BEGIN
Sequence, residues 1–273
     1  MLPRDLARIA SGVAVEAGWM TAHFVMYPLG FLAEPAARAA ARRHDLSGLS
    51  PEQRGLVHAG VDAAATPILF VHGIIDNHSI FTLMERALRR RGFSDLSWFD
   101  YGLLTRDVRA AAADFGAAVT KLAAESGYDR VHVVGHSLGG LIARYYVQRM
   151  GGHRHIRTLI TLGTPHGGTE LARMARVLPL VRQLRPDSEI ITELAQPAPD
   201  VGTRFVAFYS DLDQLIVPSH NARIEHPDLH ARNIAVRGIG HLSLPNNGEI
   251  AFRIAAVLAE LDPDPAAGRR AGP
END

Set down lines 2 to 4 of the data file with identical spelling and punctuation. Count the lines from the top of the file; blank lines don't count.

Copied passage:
     1  MLPRDLARIA SGVAVEAGWM TAHFVMYPLG FLAEPAARAA ARRHDLSGLS
    51  PEQRGLVHAG VDAAATPILF VHGIIDNHSI FTLMERALRR RGFSDLSWFD
   101  YGLLTRDVRA AAADFGAAVT KLAAESGYDR VHVVGHSLGG LIARYYVQRM